Port Pirie Lead smelter

We don’t have facilities like the Port Pirie lead smelter for every waste stream. For example, much of the plastic we recover from electronic waste cannot be further processed in Australia as we don’t have local facilities to transform specific plastic into a manufacturing ready material. In the past it has been exported off-shore to be cleaned, refined and compounded so it can be returned to the manufacturing industry. A complete export ban would result in a lot of this material ending up in landfill whilst industry develops. Thankfully, a waste export licence system is being established, to allow legitimate export processes to continue whilst still being controlled through a regulatory process

Big potential for long term benefits

The government understands we have a problem and is willing to work towards a solution. It’s forcing industry to focus on innovative solutions at a local level, which may lead to the development of more local manufacturing in Perth and across Australia.

If proven successful this will lead to better management of our waste streams, and has the potential to boost local economies and provide new green jobs.

We see this as a big step forward on a long pathway towards a circular system with the ability to completely recycle products and divert waste from landfill. However, with complex, multi-layered problems, there is no easy solution, which is why timely and consistent reviews and tweaks to the regulations will be needed to get the best outcomes.

Short term issues

The Waste Export Licence Declaration (WELD) portal has been established, which allows for materials to still be exported, provided they meet specification requirements. Like any new system, there will be challenges and unintended outcomes to be worked  through. In the early stages of the new scheme its possible that we will see :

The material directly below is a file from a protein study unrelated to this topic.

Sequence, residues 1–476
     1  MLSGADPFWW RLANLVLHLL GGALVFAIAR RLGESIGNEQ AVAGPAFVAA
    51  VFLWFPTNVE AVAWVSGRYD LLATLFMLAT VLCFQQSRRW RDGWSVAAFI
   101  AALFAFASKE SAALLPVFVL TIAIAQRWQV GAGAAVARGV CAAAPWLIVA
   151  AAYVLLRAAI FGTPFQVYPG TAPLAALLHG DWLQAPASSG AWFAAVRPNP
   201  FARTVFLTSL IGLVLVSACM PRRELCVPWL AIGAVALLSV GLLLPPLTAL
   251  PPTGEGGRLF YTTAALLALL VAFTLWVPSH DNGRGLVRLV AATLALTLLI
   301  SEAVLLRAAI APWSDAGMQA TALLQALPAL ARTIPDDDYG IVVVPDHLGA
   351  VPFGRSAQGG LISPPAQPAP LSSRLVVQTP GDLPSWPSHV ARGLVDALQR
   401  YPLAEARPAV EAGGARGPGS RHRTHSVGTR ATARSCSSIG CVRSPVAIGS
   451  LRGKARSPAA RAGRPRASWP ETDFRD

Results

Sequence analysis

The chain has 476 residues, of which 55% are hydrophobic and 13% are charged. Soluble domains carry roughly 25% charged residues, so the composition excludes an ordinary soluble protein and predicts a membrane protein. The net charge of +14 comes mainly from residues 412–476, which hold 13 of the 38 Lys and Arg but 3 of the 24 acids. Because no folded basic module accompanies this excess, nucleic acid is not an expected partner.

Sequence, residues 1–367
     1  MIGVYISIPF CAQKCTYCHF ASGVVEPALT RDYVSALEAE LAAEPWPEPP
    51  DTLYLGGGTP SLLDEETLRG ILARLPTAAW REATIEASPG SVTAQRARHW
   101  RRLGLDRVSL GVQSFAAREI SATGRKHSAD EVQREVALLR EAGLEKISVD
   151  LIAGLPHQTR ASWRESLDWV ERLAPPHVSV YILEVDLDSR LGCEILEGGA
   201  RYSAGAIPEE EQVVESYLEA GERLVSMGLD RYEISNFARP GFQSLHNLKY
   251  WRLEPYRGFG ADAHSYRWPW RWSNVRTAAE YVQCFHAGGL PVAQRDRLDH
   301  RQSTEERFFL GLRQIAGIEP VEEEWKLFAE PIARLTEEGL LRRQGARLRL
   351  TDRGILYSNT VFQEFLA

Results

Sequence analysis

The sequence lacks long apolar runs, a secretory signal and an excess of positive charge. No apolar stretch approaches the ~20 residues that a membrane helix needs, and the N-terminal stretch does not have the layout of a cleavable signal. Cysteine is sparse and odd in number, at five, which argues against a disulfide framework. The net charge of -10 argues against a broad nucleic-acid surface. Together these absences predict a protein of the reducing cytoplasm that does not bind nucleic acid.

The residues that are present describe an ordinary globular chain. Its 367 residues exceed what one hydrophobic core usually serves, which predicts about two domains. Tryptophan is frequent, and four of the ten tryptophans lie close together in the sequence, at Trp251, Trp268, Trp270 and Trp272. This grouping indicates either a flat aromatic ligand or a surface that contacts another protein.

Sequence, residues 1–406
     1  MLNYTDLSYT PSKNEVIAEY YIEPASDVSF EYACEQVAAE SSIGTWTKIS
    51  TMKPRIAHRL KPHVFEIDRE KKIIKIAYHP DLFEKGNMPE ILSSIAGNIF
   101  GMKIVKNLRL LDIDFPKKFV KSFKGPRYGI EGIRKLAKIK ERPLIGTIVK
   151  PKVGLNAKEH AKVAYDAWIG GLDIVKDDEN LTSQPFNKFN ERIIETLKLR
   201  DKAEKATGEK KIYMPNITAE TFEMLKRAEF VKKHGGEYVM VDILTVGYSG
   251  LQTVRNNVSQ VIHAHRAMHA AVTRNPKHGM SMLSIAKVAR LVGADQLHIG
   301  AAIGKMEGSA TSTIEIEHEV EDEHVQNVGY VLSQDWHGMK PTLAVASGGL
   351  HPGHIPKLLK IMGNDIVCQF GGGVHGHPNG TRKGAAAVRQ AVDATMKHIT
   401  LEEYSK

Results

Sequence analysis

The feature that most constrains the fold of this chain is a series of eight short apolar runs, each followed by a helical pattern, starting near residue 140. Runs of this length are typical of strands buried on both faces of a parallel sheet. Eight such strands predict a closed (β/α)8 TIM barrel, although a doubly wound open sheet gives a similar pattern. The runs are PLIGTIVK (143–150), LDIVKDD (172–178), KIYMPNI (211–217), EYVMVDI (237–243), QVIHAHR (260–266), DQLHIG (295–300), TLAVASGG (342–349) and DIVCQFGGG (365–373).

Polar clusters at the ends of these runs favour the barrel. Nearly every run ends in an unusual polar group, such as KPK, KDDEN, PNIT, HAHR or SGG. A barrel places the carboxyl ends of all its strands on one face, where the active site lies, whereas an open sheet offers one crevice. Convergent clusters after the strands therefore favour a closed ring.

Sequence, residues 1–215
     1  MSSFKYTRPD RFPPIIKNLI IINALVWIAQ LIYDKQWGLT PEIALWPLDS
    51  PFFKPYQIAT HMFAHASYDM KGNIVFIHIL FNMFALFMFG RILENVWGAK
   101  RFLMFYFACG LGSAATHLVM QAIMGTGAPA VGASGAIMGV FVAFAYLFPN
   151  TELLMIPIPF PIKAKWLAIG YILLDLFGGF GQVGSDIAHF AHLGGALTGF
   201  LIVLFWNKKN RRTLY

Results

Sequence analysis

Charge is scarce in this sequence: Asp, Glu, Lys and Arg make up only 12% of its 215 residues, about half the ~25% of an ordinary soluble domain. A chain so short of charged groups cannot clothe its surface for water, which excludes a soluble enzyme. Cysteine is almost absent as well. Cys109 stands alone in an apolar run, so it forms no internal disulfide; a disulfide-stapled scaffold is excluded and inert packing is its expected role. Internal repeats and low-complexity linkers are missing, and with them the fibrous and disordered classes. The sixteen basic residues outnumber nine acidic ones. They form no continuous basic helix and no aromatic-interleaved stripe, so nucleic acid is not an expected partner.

• Temporary landfilling of recyclable material that previously had export markets whilst industry scrambles to install infrastructure to meet the required specification or establish supply chains to meet the WELD requirements
  • Stockpiling of recyclables for the reasons mentioned above
  • Increased gate fees from recycling companies to pay for the additional capital and operating costs to meet the material requirements for export
  • Landfilling of materials that prior to the ban attracted a rebate from the commodity value but are now more costly to process than the commodity value

These are all the issues that will need to be addressed in the early stages of the Ban. Nearly all the issues identified above are influenced by the economic drivers. Incentivising outcomes will be a critical part of the solution.

Long Term Benefits

The Waste Export Ban essentially forces Australians to take responsibility for their waste, not only does this benefit the environment but it also has the potential to benefit us economically. There is potential for this legislation to:

  • Drive innovation and further Australia’s technical capabilities in material science and refining
  • Create new industries and green jobs.
  • Promote better consumption habits leading to a less wasteful society
  • Slow down climate change which has huge economic implications for Australia.

The waste ban ALONE will not fix the overwhelming problems we face. To have a long lasting positive impact, it needs to be coupled with investment in infrastructure and innovation, along with regulations and supporting programs like product stewardship schemes. 

“The Waste Export ban has exposed the shortcomings in our systems. This is half the battle, knowing where our shortcomings are so we can fix the problems. For too long we have exported our problems, but perhaps now we can see them clearly, we come up with innovating solutions. to address the root cause, being unsustainable consumption,” says James Coghill, director of TGR. “We can’t simply recycle our way out of the problem, we have to think bigger and look at what and how we consume.”